Always check the bottom side of the leaf to ensure that your plant is not infected by these pests. The honeydew left behind by whiteflies shows that your plant was fed on for several days.
To prevent the spread of whiteflies, use high-pressure water to spray them off of the leaves. Then use insecticidal soap to get rid of the rest of them.
Tips for growing the Creeping Charlie houseplant
Every plant can thrive in any household, as long as some tips and tricks are followed to help it grow properly. To achieve perfect growth for your Creeping Charlie Houseplant, you should follow these tips:
- Never keep your Creeping Charlie plant under direct sunlight, as it can burn the leaves
- Mist your plant at least five days a week
- Stop fertilizing your plant during the winter season to avoid over-fertilizing it, as its growing period stops then
- Keep the humidity levels between 40 to 60 percent
- Use a potting mix that is well-draining. Using peat moss with a combination of coarse sand, vermiculite, and perlite will help it thrive
Some other Pilea varieties are:
- Pilea peperomioides (Chinese Money Plant or Pancake Plant)
- Pilea glauca (Silver Sparkle Pilea or Grey Artillery Plant)
- Pilea cadierei (Aluminum Plant or Watermelon Pilea)
- Pilea microphylla (Artillery Plant or Rockweed)
- Pilea involucrata (Friendship Plant or Moon Valley Pilea)
- Pilea mollis (Moonlight Pilea or Pilea Leuconeura ‘Moonlight’)
Creeping Charlie vs. Wild Violet
The Creeping Charlie and the Wild Violet are crawling plants and building green carpets. Both have green leaves and purple flowers. The biggest differences are the leaf form and the leaf edges. Creeping Charlie has kidney-shaped leaves. The Wild Violet also produces more sawtooth-like serrated leaves that are heart-shaped.
Frequently Asked Questions
How long will my Creeping Charlie houseplant live?
The Creeping Charlie Houseplant does not have a long lifespan. Even with excellent care, the plant may only live up to three or four years.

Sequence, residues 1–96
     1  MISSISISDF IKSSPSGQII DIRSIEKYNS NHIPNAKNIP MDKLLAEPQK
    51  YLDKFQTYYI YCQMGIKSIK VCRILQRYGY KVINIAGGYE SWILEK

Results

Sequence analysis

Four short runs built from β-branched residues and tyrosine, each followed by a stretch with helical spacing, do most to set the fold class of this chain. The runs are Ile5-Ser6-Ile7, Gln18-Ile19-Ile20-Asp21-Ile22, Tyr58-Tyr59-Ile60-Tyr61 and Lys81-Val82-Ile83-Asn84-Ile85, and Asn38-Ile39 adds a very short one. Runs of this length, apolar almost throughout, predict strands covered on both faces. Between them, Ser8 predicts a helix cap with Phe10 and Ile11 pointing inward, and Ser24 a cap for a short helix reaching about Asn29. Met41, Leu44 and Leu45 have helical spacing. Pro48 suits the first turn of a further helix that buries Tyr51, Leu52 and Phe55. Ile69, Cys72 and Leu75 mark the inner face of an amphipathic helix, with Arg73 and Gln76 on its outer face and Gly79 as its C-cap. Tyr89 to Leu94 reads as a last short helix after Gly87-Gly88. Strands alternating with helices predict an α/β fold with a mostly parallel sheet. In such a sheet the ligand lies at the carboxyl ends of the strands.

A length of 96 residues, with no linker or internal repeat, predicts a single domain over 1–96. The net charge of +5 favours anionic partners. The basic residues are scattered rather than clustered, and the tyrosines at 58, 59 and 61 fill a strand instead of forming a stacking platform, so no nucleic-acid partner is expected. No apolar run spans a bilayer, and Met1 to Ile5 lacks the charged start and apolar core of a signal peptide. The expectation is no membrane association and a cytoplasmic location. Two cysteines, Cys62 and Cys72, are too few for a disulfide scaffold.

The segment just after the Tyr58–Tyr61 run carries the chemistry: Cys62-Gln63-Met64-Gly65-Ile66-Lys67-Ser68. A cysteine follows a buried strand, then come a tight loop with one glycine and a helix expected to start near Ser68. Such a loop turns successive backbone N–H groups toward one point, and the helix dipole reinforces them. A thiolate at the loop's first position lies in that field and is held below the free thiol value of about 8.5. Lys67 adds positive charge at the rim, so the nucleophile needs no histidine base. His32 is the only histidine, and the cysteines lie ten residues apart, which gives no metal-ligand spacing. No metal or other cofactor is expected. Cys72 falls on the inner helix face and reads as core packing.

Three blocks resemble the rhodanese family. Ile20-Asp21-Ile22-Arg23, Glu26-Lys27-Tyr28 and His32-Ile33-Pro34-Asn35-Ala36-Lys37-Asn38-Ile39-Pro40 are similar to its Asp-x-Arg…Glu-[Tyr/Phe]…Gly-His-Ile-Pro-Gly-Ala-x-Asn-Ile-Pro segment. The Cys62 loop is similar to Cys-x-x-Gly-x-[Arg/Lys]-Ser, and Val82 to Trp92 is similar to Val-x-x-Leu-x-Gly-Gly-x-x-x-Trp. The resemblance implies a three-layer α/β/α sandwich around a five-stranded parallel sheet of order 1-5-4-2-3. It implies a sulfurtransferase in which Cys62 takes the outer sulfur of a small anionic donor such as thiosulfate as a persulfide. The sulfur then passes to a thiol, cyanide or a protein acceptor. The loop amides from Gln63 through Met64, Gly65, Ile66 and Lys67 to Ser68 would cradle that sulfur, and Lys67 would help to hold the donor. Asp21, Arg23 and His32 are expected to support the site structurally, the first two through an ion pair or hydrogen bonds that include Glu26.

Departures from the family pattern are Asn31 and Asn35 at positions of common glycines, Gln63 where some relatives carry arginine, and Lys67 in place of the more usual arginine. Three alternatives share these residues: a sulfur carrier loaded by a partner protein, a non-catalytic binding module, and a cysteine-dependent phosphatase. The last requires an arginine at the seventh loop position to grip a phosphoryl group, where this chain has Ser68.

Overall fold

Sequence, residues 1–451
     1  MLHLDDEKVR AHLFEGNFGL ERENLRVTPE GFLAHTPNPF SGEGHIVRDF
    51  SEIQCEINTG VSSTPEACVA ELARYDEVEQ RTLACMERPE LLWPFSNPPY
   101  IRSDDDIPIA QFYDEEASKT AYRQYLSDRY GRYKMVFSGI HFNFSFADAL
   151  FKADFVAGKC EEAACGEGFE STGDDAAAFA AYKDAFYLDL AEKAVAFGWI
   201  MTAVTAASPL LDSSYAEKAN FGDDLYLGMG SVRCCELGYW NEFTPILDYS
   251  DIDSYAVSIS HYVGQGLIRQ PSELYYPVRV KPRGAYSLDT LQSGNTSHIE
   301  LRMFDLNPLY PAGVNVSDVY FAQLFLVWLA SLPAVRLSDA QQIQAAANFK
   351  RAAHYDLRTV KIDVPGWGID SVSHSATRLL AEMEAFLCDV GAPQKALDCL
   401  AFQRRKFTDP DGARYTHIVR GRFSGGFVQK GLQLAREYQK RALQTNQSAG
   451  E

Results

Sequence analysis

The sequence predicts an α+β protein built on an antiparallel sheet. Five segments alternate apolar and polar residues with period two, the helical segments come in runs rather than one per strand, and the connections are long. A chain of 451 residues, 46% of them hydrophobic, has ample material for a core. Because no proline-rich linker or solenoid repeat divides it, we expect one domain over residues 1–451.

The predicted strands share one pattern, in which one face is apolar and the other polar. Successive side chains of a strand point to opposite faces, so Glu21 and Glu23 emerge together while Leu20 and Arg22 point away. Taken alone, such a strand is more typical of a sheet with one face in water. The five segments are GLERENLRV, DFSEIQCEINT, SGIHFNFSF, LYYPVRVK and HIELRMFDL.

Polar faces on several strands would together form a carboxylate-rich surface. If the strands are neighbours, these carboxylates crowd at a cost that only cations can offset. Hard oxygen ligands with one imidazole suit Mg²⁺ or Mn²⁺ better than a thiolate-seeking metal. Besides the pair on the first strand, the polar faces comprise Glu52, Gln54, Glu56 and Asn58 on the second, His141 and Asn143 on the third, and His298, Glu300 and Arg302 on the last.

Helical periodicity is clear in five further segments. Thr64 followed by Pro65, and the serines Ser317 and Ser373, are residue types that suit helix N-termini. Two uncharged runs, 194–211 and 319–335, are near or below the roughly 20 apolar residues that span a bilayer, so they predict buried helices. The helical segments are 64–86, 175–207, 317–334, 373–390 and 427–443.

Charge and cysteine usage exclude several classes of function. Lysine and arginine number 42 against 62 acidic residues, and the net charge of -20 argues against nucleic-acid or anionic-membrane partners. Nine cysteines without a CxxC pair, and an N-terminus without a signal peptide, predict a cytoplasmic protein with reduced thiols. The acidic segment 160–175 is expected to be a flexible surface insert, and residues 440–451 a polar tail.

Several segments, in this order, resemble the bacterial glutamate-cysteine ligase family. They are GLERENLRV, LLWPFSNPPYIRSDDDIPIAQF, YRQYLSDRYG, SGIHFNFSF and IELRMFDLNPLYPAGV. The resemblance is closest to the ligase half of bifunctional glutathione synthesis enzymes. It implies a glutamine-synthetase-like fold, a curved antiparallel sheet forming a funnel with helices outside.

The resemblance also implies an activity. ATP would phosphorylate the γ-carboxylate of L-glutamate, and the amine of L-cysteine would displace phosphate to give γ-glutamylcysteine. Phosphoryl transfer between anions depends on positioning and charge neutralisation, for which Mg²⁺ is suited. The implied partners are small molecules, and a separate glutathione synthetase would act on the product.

How often should I mist my Creeping Charlie houseplant?
The Creeping Charlie Houseplant loves humidity; thus, misting your plant at least twice a week is best. However, if your home environment is dry, misting it daily is essential.
Is the Creeping Charlie houseplant toxic?
The Creeping Charlie Houseplant is not a toxic plant. If your pet consumes the plant, then they will not die or face any health issues.
Why is my Creeping Charlie houseplant dying?
Your Creeping Charlie Houseplant may be dying due to lack of irrigation and humidity. Increase the watering sessions to bring back their lively colors. The plant can easily recover from this issue as it will continue to grow from veins that are alive.
Why are the leaves of my Creeping Charlie houseplant falling?
Your plant is losing its leaves due to it being kept in a drafty area. Make sure that your plant is not kept too close to an open window. This plant is frost sensitive; thus, it will die if its surroundings are too cold.
Why is my Creeping Charlie houseplant turning black?
Your Creeping Charlie Houseplant is turning black because it is being provided with too much direct sunlight. Under direct sunlight, the leaves of your plant can burn; thus, turning them black.
The Creeping Charlie houseplant is one of the easiest plants to grow if you are a beginner at growing plants. This plant can regrow even when the majority of its sections are dead; thus, making it one of the best choices for first-time plant growers.
Creeping Charlie has a simple yet elegant look, making it suitable for offices and homes. This plant can also be planted outdoors but is considered to be a weed in outdoor gardens.
Overall the plant does not have an overpowering scent, allowing it to blend in with your other house plants.
Daniel has been a plant enthusiast for over 20 years. He owns hundreds of houseplants and prepares for the chili growing seasons yearly with great anticipation. His favorite plants are plant species in the Araceae family, such as Monstera, Philodendron, and Anthurium. He also loves gardening and is growing hot peppers, tomatoes, and many more vegetables.